The advantages of living in an authentic house built in Orange County New York three centuries before our time.
If a home could have a personality this house’ s character would be steadfast and open. For three hundred plus years it has earned its reputation as a National Registered Historic Place which the body of the house reveals. The ax hewn post and beam timbers which support this authentic house are evident in many of its twelve rooms. They explain its long life. In the master bedroom two visible twenty foot long oak beams support an eleven foot high vaulted ceiling in a room measuring twenty by eighteen feet. ( Click the photo on the right ). Notice, too, the doors to two of three walk-in closets. On the opposite side of the room is the third walk-in closet or utility room and the Victorian style master bathroom which includes an old fashioned cast iron porcelain clad soaking tub. It took two years to build this old house with only axes and hand saws. With all the effort involved it explains why homes then were passed on from one generation to the next. It was more practical to add an extension to a home then move somewhere else and start the laborious process all over again. This house began as a one room pioneer’s house c. 1709 settled by Palatine (German) immigrants who came for the free homesteads offered by Queen Anne of England. Three major reconstructions brought the house from one room to twelve, the last two rooms added in 2008 in spaces left open for future generations to decide their use. In ten of the twelve rooms all the white pine one inch thick floor boards were sawed by hand. Two more rooms were recently added which were empty spaces waiting for some future generation’s expansion. Such planning was not by chance. Besides the new master bedroom and bathroom with its three walk-in closets on the second floor a second room was added in the house, a new kitchen on the first floor which now sits next to the old 1700s pioneer kitchen, then called a “keeping room”. Both of these “filled-in” spaces became two more rooms in the house and were faithfully constructed with the same materials that were used centuries before including wide-plank one inch thick floor boards.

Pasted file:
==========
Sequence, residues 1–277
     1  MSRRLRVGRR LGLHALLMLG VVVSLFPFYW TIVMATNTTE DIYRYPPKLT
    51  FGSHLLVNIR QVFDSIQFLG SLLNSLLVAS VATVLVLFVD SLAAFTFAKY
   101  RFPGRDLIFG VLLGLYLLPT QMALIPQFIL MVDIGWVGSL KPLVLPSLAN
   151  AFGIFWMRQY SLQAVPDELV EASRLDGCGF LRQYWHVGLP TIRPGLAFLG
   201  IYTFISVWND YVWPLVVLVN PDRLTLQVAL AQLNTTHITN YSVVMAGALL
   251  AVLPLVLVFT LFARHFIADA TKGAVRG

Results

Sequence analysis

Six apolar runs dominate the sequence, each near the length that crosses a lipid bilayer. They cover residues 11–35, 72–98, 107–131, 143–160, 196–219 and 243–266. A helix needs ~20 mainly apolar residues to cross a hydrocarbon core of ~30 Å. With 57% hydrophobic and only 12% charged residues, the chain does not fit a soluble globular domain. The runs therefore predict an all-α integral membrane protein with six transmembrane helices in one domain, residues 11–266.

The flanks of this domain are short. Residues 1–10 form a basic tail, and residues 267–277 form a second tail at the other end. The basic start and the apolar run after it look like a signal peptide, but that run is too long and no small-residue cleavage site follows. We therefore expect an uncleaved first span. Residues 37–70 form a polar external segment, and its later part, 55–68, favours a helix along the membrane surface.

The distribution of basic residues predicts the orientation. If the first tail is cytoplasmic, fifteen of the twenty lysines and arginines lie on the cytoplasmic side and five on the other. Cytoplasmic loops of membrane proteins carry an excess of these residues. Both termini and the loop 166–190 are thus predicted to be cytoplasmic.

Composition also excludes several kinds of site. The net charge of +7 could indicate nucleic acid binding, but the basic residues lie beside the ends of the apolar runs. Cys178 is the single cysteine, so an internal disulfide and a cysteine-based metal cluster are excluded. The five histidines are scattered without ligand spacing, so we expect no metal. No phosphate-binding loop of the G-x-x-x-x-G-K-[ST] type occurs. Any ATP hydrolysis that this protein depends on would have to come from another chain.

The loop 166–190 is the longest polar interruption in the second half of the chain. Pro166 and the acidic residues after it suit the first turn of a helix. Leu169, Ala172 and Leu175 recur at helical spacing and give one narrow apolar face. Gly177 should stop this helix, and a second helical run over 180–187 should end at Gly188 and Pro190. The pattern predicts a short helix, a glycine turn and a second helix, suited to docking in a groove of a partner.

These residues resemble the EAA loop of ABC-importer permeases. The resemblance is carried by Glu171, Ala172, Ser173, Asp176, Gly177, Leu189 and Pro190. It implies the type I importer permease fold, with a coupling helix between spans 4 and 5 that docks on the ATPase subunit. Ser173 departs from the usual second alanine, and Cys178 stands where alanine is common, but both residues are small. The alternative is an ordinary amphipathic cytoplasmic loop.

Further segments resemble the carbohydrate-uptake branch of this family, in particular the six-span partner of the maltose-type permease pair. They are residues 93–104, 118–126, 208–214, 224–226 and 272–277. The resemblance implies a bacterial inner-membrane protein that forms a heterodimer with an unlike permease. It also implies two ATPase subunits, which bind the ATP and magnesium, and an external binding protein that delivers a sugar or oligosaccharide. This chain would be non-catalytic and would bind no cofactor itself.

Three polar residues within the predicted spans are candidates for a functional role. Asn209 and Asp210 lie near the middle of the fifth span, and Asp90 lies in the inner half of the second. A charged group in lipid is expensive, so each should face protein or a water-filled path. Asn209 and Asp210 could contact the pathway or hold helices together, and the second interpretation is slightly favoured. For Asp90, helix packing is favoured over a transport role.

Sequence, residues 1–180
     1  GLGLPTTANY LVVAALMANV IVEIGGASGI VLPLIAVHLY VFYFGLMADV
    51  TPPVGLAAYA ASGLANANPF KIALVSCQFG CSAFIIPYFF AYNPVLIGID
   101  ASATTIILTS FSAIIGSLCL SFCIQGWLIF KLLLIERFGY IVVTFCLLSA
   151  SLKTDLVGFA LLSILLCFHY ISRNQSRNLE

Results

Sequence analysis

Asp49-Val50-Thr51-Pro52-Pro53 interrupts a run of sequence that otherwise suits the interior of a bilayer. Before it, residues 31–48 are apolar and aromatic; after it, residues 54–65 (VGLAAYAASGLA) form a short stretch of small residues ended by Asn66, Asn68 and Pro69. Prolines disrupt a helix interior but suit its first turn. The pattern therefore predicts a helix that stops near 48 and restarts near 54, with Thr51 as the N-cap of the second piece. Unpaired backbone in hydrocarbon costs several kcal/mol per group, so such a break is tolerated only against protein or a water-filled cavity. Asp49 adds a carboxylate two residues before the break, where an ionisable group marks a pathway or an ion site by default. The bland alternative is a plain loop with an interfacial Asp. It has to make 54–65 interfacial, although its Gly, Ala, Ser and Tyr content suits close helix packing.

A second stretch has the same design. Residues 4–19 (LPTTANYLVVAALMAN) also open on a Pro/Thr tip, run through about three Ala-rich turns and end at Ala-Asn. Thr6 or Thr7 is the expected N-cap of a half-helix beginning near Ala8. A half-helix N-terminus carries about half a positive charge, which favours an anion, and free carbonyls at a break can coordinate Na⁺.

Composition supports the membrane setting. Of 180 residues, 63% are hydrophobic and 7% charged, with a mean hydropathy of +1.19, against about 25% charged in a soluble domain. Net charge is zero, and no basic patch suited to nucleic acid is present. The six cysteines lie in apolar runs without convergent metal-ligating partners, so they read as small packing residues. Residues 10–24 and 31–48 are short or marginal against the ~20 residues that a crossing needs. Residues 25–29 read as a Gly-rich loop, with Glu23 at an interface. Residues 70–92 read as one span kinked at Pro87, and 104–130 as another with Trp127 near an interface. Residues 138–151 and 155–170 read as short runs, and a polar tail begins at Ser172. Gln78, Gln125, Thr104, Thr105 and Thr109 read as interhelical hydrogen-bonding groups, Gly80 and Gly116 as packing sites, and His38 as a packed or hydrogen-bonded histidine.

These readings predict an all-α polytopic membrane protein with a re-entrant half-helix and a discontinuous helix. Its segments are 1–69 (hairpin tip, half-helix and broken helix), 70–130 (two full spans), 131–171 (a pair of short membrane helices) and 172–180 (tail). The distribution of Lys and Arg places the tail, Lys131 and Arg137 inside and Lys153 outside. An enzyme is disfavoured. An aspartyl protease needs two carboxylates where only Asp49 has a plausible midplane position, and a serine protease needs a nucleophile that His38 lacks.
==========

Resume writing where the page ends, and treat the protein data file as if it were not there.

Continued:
Altogether this is a sturdy authentic farmhouse which assimilated over time various architectural styles, early Colonial, Federal, neo-Classical and Victorian architectures drawn into its original oak timbers, posts and beams. New homes today are usually built in a few weeks on pine 2 by 4 ‘sticks’ and clad with composition boards which will only last a few decades.
This house is genuinely one of a kind, not one of many copies in a housing development. This house was built in a simple practical neo-classical architecture — what we admire in Greco-Roman architecture which describes many of our national historic places. In this house all the rooms meet in a central hall. In practical terms the symmetrical floor plan of the house reduces clutter. No space is wasted, and there is more storage room in this house than would be found in most contemporary homes. These would include the fourteen foot long store room and three walk-in closets. The two staircases in the house, for example, take up the same vertical space, one staircase on top of the other, one to the basement below and one to the second floor above. Nearly all the rooms on the first floor and second floor can be entered from their center hallways. Movement from one room to another is also possible through so many connecting doors to adjoining rooms. Through these connecting doorways one can move from one end of the house to the other. Most rooms in contemporary homes are dead ends. The first floor center hall , a stunning Greek Revival entryway, was the social center of fine homes in the 18th and 19th centuries when people would gather for important social events in their homes — for weddings and funerals, for instance.